Survey Says…

Business woman at work

Many of our clients use surveys to help them understand part of their customers’ experiences. Typically, these surveys include sections that ask about different functional areas within the company – product development, service and support, account or sales teams, etc. Within each of these sections, we ask specific attribute questions to gain more context. For […]

How Will Incentives Affect My Response Rates?

Counting dollars bribe

Offering market research incentives can be a major boon to response rates, getting you more completions more quickly. And the good news is that “almost all studies that have evaluated the effect of incentives on quality of response have found no effects”(1). However, before committing administrative and financial resources to market research incentives, understanding how […]

Report Survey Results without Parroting the Questionnaire

pappagallo

When you analyze and report survey results, focus on the story you want to tell – don’t assume the questionnaire’s structure is the best for analysis. A properly designed questionnaire provides a narrative thread that conversationally moves the respondent from one question to—if possible—another closely related question, abruptly changing topics as few times as necessary. […]

Use Multiple Text Boxes for More Productive Respondents

Novelist writing a book on a typewriter

A perennial problem with open-ended survey questions is that respondents are lazy. It takes time and effort to think of good answers. And if the survey is self-administered online or on paper, it takes time and effort to write them out. But there are several things a savvy researcher can do. One of them is […]

How To Monitor the Quality of Respondent Answers

"inspected by 11"

On March 19, 2015, the esteemed Annie Pettit of Peanut Labs led us through a brief but insightful presentation on data quality lessons from the survey design perspective. As researchers who are actively engaged in survey implementation, we want to ensure that the responses we are collecting are as accurate as possible. This requires a […]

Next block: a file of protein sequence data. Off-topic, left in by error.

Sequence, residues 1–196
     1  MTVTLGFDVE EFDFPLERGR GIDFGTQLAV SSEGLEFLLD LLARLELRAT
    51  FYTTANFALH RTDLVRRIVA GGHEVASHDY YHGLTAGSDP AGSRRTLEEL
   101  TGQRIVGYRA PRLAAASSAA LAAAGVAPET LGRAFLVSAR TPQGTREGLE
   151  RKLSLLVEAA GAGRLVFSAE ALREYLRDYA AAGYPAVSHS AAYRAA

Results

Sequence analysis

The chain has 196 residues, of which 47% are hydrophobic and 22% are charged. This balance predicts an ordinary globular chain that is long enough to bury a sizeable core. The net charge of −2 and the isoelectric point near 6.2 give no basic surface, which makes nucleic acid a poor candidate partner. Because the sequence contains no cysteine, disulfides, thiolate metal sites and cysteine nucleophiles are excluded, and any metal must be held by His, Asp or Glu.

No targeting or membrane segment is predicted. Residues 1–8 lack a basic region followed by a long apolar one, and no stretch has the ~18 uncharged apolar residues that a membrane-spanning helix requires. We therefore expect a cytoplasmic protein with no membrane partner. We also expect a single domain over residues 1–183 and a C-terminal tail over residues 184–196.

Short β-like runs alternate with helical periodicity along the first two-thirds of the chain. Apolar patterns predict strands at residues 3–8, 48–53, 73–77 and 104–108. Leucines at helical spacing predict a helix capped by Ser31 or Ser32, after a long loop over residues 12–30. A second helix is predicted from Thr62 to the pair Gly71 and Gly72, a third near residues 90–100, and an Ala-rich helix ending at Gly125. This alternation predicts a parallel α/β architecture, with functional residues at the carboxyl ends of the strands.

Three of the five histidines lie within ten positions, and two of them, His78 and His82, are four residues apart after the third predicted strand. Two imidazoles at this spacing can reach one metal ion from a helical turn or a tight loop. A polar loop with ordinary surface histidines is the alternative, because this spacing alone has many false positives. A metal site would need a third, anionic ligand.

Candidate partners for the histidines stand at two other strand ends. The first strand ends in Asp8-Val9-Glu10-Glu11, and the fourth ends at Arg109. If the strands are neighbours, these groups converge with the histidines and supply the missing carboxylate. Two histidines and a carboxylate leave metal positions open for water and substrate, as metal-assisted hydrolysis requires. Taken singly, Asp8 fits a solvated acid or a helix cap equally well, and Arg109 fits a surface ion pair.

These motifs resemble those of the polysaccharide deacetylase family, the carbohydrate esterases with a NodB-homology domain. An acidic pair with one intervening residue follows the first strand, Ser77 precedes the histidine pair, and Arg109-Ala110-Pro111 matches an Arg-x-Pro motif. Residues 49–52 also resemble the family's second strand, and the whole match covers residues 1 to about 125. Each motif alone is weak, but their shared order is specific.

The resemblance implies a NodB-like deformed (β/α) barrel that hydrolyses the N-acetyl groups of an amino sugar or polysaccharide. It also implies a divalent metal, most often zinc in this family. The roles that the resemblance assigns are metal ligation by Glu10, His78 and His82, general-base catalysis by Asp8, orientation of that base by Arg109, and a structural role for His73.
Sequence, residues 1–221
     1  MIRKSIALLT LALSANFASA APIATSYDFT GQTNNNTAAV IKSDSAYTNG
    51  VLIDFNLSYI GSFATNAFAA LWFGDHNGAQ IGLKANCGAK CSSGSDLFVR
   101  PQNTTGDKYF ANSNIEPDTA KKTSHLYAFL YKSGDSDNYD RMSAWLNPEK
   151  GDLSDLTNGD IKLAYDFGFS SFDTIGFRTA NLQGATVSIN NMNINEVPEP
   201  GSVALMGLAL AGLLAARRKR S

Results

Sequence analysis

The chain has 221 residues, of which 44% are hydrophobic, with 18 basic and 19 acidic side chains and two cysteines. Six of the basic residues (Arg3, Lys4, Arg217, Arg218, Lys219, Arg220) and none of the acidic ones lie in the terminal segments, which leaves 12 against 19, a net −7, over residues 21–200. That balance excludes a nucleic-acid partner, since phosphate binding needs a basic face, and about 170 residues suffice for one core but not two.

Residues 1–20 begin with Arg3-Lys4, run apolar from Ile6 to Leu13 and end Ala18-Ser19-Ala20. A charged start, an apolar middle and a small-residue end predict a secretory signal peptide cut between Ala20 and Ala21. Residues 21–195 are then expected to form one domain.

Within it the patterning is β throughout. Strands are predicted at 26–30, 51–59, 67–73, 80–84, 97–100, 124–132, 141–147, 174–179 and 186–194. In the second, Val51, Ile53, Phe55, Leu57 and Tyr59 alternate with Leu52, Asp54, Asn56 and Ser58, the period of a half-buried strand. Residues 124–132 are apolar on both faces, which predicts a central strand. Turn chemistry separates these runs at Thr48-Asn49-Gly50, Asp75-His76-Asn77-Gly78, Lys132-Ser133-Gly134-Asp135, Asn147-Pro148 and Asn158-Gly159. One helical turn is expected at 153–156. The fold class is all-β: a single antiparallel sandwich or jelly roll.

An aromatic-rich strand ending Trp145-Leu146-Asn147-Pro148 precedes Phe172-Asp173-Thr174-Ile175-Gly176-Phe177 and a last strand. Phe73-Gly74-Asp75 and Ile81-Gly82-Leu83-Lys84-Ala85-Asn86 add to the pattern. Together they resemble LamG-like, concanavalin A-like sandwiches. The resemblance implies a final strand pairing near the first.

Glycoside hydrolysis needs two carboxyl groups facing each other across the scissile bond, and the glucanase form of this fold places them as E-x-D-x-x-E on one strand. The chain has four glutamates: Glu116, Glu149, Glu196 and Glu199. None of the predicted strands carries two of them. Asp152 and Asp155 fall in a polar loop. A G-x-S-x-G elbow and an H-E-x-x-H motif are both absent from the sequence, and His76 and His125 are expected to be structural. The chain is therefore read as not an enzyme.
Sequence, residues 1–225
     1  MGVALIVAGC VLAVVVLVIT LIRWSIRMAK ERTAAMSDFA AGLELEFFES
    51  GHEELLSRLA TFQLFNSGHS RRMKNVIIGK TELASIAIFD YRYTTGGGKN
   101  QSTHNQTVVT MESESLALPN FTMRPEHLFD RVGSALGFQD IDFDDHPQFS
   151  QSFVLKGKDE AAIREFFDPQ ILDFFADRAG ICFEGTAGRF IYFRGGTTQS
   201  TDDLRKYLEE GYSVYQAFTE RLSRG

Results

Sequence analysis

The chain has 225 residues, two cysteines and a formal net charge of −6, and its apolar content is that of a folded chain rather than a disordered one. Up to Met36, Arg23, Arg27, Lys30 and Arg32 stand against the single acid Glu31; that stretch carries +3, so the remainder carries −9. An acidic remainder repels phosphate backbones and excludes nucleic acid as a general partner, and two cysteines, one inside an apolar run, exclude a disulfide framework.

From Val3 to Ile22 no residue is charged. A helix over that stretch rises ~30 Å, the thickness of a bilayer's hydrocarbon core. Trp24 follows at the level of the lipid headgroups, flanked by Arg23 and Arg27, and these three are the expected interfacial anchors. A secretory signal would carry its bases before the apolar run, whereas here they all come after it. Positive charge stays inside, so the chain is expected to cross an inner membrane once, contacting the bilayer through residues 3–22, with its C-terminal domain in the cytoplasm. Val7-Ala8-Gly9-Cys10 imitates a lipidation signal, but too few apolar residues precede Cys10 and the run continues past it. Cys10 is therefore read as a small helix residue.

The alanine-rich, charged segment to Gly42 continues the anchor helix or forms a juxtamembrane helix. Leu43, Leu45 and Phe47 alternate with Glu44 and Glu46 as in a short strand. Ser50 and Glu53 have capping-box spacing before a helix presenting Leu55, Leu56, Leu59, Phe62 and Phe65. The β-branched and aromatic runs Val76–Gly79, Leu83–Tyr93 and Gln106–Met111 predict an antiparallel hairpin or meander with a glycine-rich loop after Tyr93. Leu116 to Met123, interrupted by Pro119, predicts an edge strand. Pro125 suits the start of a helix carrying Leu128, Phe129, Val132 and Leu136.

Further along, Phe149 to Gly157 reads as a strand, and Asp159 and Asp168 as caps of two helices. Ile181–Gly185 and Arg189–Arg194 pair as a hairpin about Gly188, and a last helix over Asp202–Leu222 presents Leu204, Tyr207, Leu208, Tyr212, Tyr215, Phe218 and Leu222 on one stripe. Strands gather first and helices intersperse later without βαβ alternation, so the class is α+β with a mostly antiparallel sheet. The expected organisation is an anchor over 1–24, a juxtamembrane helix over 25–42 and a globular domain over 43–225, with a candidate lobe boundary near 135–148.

How to Design Killer Surveys

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Perhaps the most important element in running a successful survey is also the most overlooked: the cognitive stress load the survey places on respondents. While much is said about proper methods of sampling, delivery, and follow-up, minimizing respondents’ cognitive stress with well-written, well-designed surveys is in fact one of the most effective ways to improve […]

An Inconvenient Truth about Convenience Samples

Darts missing the bullseye

A convenience sample is simply any list, panel, or source of potential respondents. At Researchscape, we do lots of surveys of convenience samples. Because, of course, they’re convenient. Also, cheap. We use house lists of emails of prospects, customers, and lapsed customers – no cost for these, with the caveat they present a skewed view […]

Non-Traditional Paid Respondents More Tech-Savvy than Panelists

Tokyo crowds coming together in two crosswalks

On March 5, 2015, Survey Magazine presented the TrueSample semi-annual quality council meeting. The speakers were Chuck Miller and Mark Menig, reviewing findings from several research-on-research initiatives. The quality council is now in its seventh year. Traditional sampling versus non-traditional sampling was the first topic of the day. The goal here was to assess differences […]

Reducing Cognitive Stress on Survey Respondents

PET scan of a normal brain

Data quality is directly proportional to comprehension and usability Challenge When it comes to survey and attitudinal behavior research, representative sampling and random probability sampling theory is often discussed; however, a simpler quality factor has long been overlooked: The ‘cognitive stress’ the surveys place on respondents. Cognitive stress measures the internal apprehension and anxiety humans […]

The Gedrankenexperiment

craft microbrew beers are in a sampler tray at a brewery

As we did last year, all through January, we featured some “Lost Gems” from 2014 — some great posts that deserved to get wider notice than they did the first time out. Here’s the last in this series. As market researchers we like to classify people and in particular we like to classify how people […]